Power Distribution and Management

Thinking Beyond First Costs When Specifying Cast Resin Transformers

When it comes to specifying cast resin transformers the capital expenditure, or CAPEX, is often the primary – or only – consideration. However, for owners, the operational expenditures (OPEX) over time can have a more significant financial impact. In fact, long-term OPEX impacts related to equipment losses, insulation levels and other factors can dwarf the initial investment over a transformer’s lifespan.

The recent white paper, “How to Specify Cast Resin Transformers for Commercial and Industrial Buildings,” goes into detail on the full range of factors engineers should consider when designing and specifying such equipment. This post touches on the key parameters affecting a transformer’s cost.

Specify Transformer White PaperRated power
Transformers can normally operate for about 20 years under a continuous load corresponding to rated power, and at an average daily ambient temperature of 20˚C. If the chosen rated power is too low (high nominal transformer load), safety problems can arise, and if rated power is too high (low nominal transformer load), both CAPEX and OPEX will be suboptimal. All known current and future parameters regarding the connected load need to be considered when determining rated-power requirements.

Level of Losses
A transformer’s total cost of ownership (TCO) is dependent on its no-load losses and load losses, and on the load factor. These parameters are especially significant where electricity costs are high – Figure 1 illustrates how high European prices can be, as an example. As a result, designers and specifiers should explore the following parameters for every project to better understand how their selection could affect their client’s TCO:

  • Electricity rates
  • Interest rate on any borrowed funds
  • Transformer average load factor (considering that load losses vary with the square of this value)
  • Expected transformer lifespan
Price of Electricity

Figure 1-Cost per kWh in EU countries. Source: eurostat

Insulation level
Service continuity and safety for transformers certainly depend on specifying an appropriate level of insulation – dielectric failures for overvoltage, material failure or an unanticipated event can bring service to an abrupt halt. To maintain the highest level of service, specifiers should request a series of evaluations, including induced tests at 2,5Un, lighting impulse testing on an insulation sample, and special partial discharge testing at the nominal temperature rise.

Degree of Protection
This factor relates to the design of a transformer’s enclosure and is a critical consideration for the safety of facility personnel – even in resin-based designs, it is deadly to touch a dry-type transformer. Designers can choose from a range of standard degrees of International Protection (IP). IP31 is often a good compromise rating, as it provides a good level of protection while still allowing adequate air circulation around the core and transformer winding.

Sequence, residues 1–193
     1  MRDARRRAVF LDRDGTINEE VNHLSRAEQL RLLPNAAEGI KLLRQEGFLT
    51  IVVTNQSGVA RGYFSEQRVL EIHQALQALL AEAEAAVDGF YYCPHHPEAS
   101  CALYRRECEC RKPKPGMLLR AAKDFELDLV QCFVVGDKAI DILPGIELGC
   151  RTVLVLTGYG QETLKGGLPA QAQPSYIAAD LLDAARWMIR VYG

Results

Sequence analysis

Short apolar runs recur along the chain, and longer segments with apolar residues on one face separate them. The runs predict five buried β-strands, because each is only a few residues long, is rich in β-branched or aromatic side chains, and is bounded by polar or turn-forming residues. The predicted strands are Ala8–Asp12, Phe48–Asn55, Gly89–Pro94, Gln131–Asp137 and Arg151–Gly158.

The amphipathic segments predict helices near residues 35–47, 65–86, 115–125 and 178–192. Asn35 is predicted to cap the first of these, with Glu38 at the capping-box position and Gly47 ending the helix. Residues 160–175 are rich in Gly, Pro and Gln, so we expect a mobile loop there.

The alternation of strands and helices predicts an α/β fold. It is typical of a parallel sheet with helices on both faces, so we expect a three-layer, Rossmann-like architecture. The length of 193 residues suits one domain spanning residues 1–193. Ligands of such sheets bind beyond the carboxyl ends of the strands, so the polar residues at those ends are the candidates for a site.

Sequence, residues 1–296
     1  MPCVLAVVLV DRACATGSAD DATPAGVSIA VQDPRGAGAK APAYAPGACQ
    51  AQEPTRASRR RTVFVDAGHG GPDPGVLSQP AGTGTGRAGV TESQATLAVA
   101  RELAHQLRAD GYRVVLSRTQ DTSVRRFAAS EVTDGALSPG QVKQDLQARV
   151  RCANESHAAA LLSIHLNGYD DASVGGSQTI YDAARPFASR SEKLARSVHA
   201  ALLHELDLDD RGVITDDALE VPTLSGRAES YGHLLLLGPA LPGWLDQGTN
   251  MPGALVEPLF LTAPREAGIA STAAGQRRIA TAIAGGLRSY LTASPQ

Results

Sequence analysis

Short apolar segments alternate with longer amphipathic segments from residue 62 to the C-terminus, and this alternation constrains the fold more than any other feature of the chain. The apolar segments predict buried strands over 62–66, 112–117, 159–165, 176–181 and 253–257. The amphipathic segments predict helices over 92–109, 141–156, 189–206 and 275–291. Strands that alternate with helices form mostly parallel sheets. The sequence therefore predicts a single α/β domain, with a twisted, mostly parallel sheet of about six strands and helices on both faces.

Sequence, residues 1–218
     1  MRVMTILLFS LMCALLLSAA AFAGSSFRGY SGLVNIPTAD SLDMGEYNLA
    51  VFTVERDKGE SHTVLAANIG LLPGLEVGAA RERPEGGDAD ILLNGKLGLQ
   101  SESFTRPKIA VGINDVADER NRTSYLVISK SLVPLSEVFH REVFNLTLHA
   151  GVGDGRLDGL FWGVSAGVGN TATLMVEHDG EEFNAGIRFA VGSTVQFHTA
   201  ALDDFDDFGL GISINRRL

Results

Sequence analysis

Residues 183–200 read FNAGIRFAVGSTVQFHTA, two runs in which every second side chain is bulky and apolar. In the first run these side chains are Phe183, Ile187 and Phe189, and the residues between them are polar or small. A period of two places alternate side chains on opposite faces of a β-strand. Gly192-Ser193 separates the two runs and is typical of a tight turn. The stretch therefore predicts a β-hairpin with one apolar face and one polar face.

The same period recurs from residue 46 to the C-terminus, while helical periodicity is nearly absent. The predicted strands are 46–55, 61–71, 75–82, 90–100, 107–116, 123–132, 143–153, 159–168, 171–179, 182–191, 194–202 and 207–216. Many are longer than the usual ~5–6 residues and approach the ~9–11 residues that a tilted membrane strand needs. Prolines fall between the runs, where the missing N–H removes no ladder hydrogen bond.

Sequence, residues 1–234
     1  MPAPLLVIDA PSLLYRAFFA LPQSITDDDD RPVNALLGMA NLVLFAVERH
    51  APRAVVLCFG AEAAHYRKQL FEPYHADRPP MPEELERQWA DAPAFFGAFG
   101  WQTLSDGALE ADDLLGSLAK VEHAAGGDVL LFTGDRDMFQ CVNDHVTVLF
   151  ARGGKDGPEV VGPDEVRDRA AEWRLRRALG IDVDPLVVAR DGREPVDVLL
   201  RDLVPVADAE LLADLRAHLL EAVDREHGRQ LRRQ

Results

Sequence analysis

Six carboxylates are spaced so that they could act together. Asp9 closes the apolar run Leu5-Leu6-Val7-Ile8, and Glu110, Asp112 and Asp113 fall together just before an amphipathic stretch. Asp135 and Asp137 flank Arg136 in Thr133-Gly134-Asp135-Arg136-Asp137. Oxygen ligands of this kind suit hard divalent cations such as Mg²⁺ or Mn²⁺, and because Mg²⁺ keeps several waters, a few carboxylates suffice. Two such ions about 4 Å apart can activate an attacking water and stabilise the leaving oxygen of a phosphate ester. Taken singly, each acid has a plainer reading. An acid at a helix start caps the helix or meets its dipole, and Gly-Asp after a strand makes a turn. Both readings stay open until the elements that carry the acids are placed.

Environmental conditions, fire behavior and seismic withstand
A range of testing should be performed to ensure a transformer will perform well, given specific conditions presented by its installed location. These could include exposure to high humidity and temperatures, as well as the potential for seismic activity. Additionally, because cast resin transformers are dedicated for use in buildings where fire risk is unacceptable, specifiers should require F1 transformers with adequate certification.

Conformity to standards
Standards help ensure both safety and service life, so specifiers need to be familiar with the applicable tests used to determine standards compliance. Additionally, specifiers should request all related documentation to prove compliance has been met.

Maintenance and reliability
Cast resin transformers are low-maintenance equipment, requiring only regular cleaning if they are exposed to dust. They can be equipped with thermal sensors, however, which can keep operators aware of coil temperatures through local or remote monitoring/alarming. A new concept under development also allows measurement at several other points to help detect aging contacts, enabling predictive and proactive maintenance to further improve service continuity and optimize OPEX.

This is certainly not an exhaustive list of parameters specifiers should consider in their selection of cast resin transformers. The paper covers a much broader range of issues and implications in the white paper. For more information, you can download the white paper here. And you can also visit our Consulting Engineer Portal for more resources and to connect with our engineering specialists.


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